Humanity's rising carbon dioxide emissions could have a significant impact on the world's fish populations, according to groundbreaking new research carried out in Australia.
Baby fish may become easy meat for predators as the world's oceans become more acidic due to CO2 fallout from human activity, an international team of researchers has discovered.
In a series of experiments reported in a recent issue of the Proceedings of the National Academy of Science (PNAS), the team found that as carbon levels rise and ocean water acidifies, the behaviour of baby fish changes dramatically -- in ways that decrease their chances of survival by 50 to 80 per cent.
"As CO2 increases in the atmosphere and dissolves into the oceans, the water becomes slightly more acidic. Eventually this reaches a point where it significantly changes the sense of smell and behaviour of larval fish," says team leader Professor Philip Munday of the Australian Research Council's Centre of Excellence for Coral Reef Studies (CoECRS) at James Cook University.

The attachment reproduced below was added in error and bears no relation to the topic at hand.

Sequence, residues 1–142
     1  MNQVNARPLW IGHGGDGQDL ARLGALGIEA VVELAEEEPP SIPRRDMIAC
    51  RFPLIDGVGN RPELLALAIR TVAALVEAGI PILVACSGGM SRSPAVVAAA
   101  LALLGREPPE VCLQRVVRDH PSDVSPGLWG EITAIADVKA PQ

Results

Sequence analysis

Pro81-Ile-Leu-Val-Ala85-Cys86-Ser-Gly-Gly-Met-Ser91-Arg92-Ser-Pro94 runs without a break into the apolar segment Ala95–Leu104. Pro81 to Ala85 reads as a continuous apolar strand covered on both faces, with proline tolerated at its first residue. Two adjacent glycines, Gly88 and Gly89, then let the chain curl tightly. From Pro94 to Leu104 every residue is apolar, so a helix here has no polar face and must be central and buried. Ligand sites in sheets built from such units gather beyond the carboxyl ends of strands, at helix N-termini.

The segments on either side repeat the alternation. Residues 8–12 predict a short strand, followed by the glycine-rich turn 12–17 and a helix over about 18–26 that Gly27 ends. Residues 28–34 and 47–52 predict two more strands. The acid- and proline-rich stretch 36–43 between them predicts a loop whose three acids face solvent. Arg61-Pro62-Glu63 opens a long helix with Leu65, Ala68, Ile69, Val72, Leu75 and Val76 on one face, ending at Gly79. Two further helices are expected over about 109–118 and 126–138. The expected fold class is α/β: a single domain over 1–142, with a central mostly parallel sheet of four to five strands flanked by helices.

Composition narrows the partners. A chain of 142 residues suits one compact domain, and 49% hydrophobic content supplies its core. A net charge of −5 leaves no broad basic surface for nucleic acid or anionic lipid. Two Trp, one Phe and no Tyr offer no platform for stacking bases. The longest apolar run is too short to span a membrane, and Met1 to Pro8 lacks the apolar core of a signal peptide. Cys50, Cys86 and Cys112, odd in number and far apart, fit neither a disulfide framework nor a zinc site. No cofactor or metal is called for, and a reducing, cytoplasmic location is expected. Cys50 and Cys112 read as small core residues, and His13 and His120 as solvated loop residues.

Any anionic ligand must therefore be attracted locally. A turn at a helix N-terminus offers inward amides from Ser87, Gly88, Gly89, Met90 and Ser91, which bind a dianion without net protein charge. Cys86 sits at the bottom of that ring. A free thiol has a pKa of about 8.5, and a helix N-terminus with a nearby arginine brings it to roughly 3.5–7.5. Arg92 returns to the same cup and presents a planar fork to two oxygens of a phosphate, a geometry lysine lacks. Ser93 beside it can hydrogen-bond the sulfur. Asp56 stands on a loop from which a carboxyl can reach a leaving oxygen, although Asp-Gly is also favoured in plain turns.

"Instead of avoiding predators, they become attracted to them. They appear to lose their natural caution and start taking big risks, such as swimming out in the open -- with lethal consequences."
Dr Mark Meekan from the Australian Institute of Marine Science, a co-author on the paper, says the change in fish behaviour could have serious implications for the sustainability of fish populations because fewer baby fish will survive to replenish adult populations.
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